Here is why Calcium is important for Older women



Proper calcium intake is important to everyone throughout life because calcium is critical to the health and longevity of our bones. Very few ladies check if there body if having Calcium deficiency or not. This is something every woman must make sure that their body has enough calcium to remain health all through their lives. Calcium is crucial for strong bones and teeth, and it is especially important for children and older women for good bone growth.


Calcium absorption and bone development is at its peak up to age 20, and then decreases at around age 30 when a draining process begins. An adequate intake of calcium, plus an appropriate intake of vitamin D, can significantly increase bone mass in both growing children and young adults, and it can decrease bone loss during ageing.


Calcium is lost daily through hair, skin, nails, sweat, urine. This lost calcium must be replaced, or the body will take calcium from the bones to perform other functions. Research says that if women don't take enough dietary calcium and vitamin D, then there is a chance of the hormones that regulate calcium react negatively with estrogen and progesterone and trigger PMS symptoms.


In case of older women, they must pay particular attention to meeting daily calcium needs. Women, beginning at age 51 need at least 1,200 mg of calcium per day, but it might vary depending on person to person, and your doctor would be a better judge to tell you what is the right about of intake according to your present body levels. Females have a higher rate of bone loss when estrogen levels decline with menopause because estrogen enhances calcium absorption and decreases its excretion.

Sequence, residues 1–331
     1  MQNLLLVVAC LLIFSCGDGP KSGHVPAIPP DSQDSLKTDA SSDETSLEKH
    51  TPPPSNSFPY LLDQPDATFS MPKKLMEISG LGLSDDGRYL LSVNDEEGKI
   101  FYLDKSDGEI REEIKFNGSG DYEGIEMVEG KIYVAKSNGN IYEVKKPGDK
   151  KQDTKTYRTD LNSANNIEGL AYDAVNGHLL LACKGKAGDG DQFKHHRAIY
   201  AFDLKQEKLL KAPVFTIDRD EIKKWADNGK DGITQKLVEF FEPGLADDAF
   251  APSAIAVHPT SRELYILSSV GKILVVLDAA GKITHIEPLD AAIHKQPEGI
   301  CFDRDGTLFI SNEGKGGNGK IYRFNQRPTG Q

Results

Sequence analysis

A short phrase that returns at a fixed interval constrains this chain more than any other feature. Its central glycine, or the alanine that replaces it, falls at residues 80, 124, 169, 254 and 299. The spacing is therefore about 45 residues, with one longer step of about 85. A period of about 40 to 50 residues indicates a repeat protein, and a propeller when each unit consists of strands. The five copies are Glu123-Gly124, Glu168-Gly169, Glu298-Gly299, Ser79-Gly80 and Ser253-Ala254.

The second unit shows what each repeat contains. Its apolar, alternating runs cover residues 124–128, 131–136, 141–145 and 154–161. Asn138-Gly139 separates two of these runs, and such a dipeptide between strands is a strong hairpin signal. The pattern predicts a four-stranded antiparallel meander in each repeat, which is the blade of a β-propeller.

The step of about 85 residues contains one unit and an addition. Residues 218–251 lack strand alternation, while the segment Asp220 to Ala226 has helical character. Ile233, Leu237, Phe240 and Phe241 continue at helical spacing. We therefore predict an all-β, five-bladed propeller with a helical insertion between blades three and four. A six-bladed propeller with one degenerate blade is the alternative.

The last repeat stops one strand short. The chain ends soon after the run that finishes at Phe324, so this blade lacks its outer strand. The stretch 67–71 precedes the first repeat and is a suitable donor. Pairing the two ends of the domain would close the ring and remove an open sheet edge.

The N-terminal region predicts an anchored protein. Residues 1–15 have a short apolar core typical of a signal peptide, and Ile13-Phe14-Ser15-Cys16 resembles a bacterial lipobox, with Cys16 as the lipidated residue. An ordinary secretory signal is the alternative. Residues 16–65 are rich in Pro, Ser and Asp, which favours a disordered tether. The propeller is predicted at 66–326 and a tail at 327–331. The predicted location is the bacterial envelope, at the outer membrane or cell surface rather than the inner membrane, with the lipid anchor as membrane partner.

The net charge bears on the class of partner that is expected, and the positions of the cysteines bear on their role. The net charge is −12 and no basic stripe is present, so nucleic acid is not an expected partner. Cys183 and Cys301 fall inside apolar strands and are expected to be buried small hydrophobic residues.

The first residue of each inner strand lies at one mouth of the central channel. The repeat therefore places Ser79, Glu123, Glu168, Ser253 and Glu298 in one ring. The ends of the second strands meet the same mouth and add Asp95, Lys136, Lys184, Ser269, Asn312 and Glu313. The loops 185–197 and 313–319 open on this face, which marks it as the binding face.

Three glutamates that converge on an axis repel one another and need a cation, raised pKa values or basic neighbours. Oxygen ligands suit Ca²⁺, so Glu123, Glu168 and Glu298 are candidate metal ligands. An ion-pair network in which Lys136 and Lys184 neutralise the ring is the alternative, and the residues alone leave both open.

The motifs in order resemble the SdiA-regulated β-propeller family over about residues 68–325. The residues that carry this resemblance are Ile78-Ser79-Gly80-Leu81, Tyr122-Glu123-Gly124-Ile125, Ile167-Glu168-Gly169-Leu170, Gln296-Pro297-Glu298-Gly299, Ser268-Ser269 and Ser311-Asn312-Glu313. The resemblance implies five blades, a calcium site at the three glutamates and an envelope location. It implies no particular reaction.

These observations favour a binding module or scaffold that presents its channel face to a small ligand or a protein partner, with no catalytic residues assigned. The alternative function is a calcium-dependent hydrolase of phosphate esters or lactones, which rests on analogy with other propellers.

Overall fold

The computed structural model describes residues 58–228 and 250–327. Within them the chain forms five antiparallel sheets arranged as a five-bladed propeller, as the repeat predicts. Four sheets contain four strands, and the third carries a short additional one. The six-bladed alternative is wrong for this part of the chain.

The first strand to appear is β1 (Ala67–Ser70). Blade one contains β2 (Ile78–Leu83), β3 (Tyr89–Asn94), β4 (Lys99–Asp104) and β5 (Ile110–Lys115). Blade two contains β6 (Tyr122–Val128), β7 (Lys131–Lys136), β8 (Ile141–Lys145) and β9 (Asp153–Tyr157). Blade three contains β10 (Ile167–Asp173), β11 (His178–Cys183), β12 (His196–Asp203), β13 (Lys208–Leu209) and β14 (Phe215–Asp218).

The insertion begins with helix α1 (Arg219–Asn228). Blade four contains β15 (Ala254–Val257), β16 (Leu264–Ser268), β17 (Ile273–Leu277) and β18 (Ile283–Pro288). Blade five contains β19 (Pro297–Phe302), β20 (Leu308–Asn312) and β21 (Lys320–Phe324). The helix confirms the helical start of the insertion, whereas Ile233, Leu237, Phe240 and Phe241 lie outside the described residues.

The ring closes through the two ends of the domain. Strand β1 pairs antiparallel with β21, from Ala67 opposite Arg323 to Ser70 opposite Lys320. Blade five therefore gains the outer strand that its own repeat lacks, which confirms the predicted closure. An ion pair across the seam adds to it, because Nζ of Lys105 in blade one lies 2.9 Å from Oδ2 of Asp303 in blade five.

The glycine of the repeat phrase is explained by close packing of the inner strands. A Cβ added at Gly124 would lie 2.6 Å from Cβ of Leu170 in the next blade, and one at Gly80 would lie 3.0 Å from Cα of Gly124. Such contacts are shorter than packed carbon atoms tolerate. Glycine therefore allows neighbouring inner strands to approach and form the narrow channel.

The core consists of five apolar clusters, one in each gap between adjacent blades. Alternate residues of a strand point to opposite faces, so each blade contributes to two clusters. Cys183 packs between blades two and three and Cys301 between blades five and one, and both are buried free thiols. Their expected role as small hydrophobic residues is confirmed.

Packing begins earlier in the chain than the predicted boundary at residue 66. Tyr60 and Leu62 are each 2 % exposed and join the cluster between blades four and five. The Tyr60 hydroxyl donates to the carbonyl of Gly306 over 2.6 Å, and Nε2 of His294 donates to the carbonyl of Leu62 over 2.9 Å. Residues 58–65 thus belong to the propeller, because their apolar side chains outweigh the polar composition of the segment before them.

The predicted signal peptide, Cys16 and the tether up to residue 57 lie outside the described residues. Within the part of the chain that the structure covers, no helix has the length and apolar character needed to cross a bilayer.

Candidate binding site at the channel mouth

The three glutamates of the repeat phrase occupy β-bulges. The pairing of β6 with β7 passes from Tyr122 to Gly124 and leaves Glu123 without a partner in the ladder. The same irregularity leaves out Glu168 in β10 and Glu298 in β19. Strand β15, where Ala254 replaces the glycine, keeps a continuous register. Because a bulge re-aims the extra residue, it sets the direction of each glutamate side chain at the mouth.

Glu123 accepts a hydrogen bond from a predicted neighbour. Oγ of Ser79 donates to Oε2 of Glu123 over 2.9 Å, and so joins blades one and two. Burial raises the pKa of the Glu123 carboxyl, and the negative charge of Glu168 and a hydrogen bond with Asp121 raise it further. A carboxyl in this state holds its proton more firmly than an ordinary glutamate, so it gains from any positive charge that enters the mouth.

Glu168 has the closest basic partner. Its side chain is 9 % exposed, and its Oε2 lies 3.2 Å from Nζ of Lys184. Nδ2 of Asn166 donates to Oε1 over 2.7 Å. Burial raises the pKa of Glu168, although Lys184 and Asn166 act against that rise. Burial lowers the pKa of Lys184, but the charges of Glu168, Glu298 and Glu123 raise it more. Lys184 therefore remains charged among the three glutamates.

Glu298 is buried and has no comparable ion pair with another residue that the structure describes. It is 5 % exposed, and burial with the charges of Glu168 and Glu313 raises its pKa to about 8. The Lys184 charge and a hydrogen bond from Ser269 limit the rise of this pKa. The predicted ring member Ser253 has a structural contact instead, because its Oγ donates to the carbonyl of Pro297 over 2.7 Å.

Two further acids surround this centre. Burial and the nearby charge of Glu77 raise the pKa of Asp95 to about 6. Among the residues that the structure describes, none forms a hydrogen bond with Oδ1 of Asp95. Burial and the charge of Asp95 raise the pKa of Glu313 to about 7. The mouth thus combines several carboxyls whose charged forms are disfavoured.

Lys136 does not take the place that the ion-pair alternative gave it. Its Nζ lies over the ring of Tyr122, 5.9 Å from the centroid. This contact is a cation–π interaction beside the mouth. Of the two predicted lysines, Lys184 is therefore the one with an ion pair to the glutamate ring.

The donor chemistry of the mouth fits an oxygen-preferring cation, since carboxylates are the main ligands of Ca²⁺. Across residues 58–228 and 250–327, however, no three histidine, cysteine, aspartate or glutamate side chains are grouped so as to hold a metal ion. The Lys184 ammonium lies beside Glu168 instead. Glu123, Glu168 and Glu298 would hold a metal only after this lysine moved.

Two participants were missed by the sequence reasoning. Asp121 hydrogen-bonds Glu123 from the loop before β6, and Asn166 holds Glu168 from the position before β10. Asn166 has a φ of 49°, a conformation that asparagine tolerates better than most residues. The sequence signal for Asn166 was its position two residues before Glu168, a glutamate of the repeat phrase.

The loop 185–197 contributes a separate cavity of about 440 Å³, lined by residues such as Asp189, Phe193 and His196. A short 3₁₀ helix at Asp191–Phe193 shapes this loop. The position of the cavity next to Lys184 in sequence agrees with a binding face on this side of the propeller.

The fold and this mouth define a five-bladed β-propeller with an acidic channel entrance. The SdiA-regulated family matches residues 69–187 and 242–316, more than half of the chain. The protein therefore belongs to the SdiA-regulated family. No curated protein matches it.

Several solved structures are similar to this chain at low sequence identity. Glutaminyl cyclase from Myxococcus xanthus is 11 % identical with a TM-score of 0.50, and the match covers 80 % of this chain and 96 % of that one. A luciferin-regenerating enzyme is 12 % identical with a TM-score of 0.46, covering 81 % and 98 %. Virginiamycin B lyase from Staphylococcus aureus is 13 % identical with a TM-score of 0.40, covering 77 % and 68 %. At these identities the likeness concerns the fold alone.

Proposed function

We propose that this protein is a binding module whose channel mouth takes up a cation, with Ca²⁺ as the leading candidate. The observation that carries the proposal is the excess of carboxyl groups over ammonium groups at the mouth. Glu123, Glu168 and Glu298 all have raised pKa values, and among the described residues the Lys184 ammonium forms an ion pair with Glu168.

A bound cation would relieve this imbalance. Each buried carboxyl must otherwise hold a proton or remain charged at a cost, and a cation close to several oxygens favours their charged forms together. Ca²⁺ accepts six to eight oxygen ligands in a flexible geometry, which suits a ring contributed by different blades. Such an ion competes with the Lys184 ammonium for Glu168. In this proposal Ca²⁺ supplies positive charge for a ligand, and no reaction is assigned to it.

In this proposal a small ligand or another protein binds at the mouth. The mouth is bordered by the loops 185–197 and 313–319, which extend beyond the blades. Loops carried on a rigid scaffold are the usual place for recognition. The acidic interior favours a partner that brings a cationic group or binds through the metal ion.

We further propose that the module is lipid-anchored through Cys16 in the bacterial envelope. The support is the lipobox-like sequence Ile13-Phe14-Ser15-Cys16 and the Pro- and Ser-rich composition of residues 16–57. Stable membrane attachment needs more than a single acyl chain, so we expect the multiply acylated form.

After menopause, women’s need for calcium increases if they do not take estrogen replacement. Also, as we age we produce less stomach acid which hinders calcium absorption.  Compounding absorption problems in the elderly is low vitamin D levels due to diet and lack of sunlight. Furthermore, females have a lighter bone structure than men, making them more susceptible to osteoporosis.


According to various studies, 68 percent of the 44 million people at risk for osteoporosis are women. And one of every two women over age 50 will likely have an osteoporosis-related fracture in their lifetime. That’s twice the rate of fractures in men one in four. Also 75 percent of all cases of hip osteoporosis affect women.


Emerging research supports an adequate calcium intake as a means to reduce the risk of cardiovascular disease and hypertension. Though 99 percent of the calcium in the body is in the bones and teeth, the remaining one percent plays a crucial role in other bodily functions, such as nerve transmission and muscular function. Hence taking Calcium rich food and also checking if you are calcium deficient and taking the right supplements is very important for your good health